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  • Book
  • May 2024

Historic Racial Exclusion and Subnational Socio-economic Outcomes in Colombia

Equal but Different

Palgrave Macmillan
  • Develops a theoretical explanation as to how racial exclusion affects subnational disparities

  • Examines the geo-racialized order of the Colombian state and its consequences for the Afro-descendant territories

  • Identifies quantitative effects of informal racial exclusion on subnational collective outcomes

Part of the book series: Latin American Political Economy (LAPE)

About this book

This book examines the geo-racialized order of the Colombian state and its consequences for Afro-descendant territories. To do so, it employs a historical institutional approach tracing racial exclusion and subnational socioeconomic outcomes in Colombia during the late nineteenth to mid-twentieth centuries. It uses a mixed-methods and interdisciplinary qualitative and quantitative analytical approach to identify the quantitative effects of informal racial exclusion on subnational collective outcomes, as well as to show more precisely how these effects were generated. Through its exploration of Colombia’s geo-racialized project, implicit exclusion of Afro-descendant territories and spatialized nature of racial diversity, this book contributes to literatures of Latin American political economy, institutional theory, racial politics and economic history.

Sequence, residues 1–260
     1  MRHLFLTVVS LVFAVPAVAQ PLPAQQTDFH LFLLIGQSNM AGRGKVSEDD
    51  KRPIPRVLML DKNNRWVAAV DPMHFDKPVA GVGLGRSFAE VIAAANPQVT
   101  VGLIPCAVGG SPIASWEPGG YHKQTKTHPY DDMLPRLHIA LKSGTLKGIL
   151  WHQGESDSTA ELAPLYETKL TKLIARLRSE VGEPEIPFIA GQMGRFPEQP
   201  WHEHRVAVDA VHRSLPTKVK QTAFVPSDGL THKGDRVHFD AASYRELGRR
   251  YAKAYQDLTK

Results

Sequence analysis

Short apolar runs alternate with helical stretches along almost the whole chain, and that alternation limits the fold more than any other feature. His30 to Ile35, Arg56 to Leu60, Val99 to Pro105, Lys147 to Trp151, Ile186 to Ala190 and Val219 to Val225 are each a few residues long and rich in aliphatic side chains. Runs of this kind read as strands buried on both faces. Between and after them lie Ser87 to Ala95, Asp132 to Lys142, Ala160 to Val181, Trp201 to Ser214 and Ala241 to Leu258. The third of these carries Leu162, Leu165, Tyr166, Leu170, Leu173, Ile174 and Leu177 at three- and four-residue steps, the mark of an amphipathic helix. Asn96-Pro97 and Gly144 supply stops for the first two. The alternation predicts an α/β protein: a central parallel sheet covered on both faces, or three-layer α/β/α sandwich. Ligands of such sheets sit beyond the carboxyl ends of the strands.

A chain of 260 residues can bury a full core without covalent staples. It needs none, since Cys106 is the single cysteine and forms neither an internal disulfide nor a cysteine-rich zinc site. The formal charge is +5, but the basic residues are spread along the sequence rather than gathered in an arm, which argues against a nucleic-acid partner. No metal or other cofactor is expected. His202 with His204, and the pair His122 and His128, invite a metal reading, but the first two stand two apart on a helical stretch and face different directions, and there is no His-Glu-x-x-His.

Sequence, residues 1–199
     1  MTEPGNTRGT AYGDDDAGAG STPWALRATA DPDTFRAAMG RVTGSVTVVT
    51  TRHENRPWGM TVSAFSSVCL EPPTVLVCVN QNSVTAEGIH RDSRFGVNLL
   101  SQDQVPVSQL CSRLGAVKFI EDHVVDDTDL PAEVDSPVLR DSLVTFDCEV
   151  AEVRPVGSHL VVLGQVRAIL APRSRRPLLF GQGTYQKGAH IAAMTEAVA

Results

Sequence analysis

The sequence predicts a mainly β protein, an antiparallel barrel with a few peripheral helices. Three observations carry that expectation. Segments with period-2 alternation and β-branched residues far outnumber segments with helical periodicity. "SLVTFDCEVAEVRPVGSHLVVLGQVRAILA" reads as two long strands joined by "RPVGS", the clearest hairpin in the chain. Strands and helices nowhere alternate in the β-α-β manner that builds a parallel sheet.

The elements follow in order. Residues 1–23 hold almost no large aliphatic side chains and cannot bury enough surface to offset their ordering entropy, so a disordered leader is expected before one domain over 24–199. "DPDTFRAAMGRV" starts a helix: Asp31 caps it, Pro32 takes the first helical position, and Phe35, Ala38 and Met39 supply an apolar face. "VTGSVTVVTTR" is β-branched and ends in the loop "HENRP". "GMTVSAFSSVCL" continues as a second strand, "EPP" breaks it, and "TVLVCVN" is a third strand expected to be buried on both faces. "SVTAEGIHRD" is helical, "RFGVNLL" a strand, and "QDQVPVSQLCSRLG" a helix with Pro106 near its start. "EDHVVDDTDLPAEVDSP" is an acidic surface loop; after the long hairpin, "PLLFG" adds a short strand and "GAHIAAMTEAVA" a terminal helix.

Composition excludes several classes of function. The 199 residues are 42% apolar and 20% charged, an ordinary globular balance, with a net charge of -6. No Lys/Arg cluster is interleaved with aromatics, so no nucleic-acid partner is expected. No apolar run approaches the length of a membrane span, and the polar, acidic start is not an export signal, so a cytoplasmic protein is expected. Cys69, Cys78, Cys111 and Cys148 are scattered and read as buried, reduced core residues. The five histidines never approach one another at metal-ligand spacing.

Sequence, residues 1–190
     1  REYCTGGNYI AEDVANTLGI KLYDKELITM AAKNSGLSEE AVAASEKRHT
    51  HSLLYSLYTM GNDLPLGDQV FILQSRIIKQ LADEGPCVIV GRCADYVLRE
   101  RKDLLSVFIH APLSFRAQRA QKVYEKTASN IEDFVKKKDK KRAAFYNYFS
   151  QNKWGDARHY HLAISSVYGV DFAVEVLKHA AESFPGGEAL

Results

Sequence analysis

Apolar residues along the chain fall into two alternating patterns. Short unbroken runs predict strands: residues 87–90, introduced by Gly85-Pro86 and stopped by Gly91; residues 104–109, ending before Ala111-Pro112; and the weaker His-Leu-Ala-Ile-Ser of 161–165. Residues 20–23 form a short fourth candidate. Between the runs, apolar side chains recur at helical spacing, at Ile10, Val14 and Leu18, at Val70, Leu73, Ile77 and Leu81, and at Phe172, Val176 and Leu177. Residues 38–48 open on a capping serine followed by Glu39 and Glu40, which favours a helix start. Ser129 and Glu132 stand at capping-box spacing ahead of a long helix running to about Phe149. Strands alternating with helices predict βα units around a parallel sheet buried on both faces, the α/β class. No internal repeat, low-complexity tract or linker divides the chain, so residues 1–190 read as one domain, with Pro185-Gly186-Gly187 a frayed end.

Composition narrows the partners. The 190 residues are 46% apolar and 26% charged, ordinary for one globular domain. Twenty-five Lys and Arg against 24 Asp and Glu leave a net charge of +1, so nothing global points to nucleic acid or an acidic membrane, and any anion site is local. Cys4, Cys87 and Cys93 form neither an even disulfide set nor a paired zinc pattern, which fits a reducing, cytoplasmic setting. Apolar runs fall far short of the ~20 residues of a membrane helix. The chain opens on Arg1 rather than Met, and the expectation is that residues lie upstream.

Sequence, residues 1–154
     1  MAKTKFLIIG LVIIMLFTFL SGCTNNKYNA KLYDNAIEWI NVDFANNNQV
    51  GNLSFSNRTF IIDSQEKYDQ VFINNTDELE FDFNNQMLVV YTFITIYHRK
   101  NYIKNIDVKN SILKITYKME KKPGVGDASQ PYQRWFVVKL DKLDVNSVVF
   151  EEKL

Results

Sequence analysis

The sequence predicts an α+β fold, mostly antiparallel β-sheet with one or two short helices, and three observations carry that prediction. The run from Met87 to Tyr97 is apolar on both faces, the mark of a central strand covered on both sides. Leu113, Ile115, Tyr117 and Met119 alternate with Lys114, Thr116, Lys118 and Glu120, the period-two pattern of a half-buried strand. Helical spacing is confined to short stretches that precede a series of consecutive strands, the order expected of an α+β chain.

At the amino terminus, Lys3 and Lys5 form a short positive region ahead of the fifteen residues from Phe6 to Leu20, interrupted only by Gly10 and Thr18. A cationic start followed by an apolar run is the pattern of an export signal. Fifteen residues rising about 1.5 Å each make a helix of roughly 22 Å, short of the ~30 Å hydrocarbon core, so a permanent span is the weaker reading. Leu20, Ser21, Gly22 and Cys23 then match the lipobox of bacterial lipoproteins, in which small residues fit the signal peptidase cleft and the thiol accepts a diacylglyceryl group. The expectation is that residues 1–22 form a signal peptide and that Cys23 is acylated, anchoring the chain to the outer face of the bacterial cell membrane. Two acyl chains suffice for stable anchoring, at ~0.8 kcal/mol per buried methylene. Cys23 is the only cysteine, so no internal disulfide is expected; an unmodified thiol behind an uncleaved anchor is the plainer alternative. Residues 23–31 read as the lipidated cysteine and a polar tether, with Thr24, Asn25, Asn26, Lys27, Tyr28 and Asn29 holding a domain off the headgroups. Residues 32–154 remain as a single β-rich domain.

• Colombia
  • Latin America
  • Socio-economic policy
  • Public goods and services
  • Aggrieved actors
  • Racial politics
  • Chocó region
  • Latin American political history
  • Racial exclusion

Authors and Affiliations

  • School of Economics, Universidad Nacional de Colombia, Bogota, Colombia

    Irina España-Eljaiek

About the author

Irina España-Eljaiek is Assistant Professor at Universidad Nacional, Bogotá, Colombia. She holds a doctoral degree in economics and social sciences from the University of Cologne and the International Max Planck Research School, both in Germany. Her research interests include institutional theory, economic history, regional development, racial exclusion, education, and research methods. She specifically studies the effects of historical institutions on subnational socioeconomic development in Latin America, combining mixed method approaches and social science disciplines. 

Bibliographic Information